India and Pakistan: Clever steps at the border

Discussion in 'Subcontinent & Central Asia' started by ajtr, May 14, 2012.

  1. ajtr

    ajtr Veteran Member Veteran Member

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    India and Pakistan:Clever steps at the border
    With little fanfare, two old rivals are mending trade relations. They must do more
    May 12th 2012 | from the print edition


    A STUPENDOUS display of military nonsense erupts each sunset at the Wagah crossing between India and Pakistan. Thousands cheer rival guards in silly hats who strut with mock aggression, lower their flags and slam shut the border gates. The display is choreographed fun. But underlying it are deeper mutual antagonisms generated by a history of border wars, terrorism and the original sin in 1947 of partition itself. Nowhere are the costs of these antagonisms so apparent as in the pathetic levels of trade between these two populous nations.

    For years direct exchange was all but blocked. Apart from barter by Kashmiris and the odd trainload of cargo at Wagah, goods went via third-country ports, notably Dubai and Colombo. Once-thriving border towns, such as Amritsar, slid into relative gloom. Pakistan’s cocooned economy grew weak and uncompetitive. Even after Wagah’s road crossing reopened in 2005, when bilateral trade was little more than $600m, commerce has been stymied. Barmy visa rules keep away traders. Delays at dilapidated customs posts ruin perishable goods. Last year trade between India and Pakistan was just $2.6 billion. Unofficial trade boosts the figure, but it is still pathetic for countries with populations of 1.2 billion and 180m respectively, and combined economies of over $2 trillion. By way of comparison, India’s trade with China, another ancestral enemy, may soon pass $100 billion.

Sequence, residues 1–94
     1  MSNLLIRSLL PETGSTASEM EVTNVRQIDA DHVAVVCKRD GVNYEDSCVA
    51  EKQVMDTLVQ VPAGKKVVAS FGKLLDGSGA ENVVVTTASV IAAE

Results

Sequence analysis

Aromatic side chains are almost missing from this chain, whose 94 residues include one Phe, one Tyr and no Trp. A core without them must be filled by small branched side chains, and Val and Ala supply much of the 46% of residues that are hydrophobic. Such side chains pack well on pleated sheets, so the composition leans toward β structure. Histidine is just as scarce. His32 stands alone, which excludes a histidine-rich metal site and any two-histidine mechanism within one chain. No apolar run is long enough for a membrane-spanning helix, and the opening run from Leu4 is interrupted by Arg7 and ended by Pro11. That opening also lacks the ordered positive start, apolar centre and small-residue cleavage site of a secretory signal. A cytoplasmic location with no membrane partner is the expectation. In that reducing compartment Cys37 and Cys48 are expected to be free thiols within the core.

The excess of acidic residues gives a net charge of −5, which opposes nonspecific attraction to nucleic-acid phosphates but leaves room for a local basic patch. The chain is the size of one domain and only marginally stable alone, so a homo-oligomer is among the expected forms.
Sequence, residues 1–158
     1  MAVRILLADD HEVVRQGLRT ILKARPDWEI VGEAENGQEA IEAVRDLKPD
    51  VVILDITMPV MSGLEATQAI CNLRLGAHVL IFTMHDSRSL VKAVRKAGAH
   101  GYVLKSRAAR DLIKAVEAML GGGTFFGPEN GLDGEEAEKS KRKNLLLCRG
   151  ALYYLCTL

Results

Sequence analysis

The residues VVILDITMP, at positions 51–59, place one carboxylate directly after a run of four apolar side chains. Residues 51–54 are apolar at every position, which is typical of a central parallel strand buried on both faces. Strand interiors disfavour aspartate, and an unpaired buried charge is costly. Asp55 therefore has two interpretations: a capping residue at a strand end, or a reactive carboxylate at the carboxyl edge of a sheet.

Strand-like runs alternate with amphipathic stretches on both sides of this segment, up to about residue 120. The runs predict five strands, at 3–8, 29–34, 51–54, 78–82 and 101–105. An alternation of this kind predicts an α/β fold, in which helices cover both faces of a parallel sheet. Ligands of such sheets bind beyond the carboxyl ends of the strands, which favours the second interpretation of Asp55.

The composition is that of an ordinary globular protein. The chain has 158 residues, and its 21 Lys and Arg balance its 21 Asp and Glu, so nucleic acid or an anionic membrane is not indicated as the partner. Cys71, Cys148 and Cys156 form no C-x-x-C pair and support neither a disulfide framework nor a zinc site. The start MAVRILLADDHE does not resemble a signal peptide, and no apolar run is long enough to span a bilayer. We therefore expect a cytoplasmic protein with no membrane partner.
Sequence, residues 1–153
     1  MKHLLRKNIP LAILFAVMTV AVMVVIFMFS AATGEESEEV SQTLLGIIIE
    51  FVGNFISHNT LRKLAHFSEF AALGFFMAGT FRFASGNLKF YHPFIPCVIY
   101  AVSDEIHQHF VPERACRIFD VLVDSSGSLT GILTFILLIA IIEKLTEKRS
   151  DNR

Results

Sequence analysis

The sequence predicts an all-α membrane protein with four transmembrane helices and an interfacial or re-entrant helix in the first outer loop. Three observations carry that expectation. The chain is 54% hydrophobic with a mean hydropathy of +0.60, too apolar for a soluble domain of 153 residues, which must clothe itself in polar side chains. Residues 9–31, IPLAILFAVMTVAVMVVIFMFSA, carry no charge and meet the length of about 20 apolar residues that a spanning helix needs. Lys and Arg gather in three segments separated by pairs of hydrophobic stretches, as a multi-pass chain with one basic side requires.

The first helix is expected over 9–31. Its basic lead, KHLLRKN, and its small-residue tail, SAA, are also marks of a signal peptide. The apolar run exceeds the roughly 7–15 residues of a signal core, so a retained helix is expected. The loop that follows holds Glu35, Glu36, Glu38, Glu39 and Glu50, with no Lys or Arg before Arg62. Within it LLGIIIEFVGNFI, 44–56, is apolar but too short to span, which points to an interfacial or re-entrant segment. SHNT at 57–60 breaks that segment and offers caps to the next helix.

The same economic pragmatism is beginning to appear between India and Pakistan. Both governments are daring to break with history. It is a difficult and brave thing to do, especially in Pakistan, where civilian politicians normally kowtow to the army. Yet they seem to have persuaded the soldiers that not all exchange with the arch-enemy is disastrous; and that more trade will mean greater prosperity, which will in the long run reduce the dependency on the American handouts that Pakistan’s armed forces loathe (see article).

    And so a thaw is taking place. Last year Pakistan said it would match India’s old offer of most-favoured-nation trading status. To little fanfare, Pakistan is now scrapping restrictions: adopting a “negative list” of specified banned goods, rather than, as previously, stipulating only what may be imported. Meanwhile, India is allowing more to arrive by road. Imports of Pakistani cement are now soaring. A smart new customs post at Wagah is speeding the flow of goods. Other crossings may open. Pakistanis may now invest directly in India’s economy. Indian petrol may next be sent westwards, with electricity to follow. This month home ministries of both countries will probably scrap the worst visa rules (see article).

    Dreaming of silk

    It all adds up to a profound and welcome shift. Businesspeople are excited, as delegations start making mutual visits. Yet the progress is vulnerable to many things, not least to another strike in India by Pakistan-based terrorists.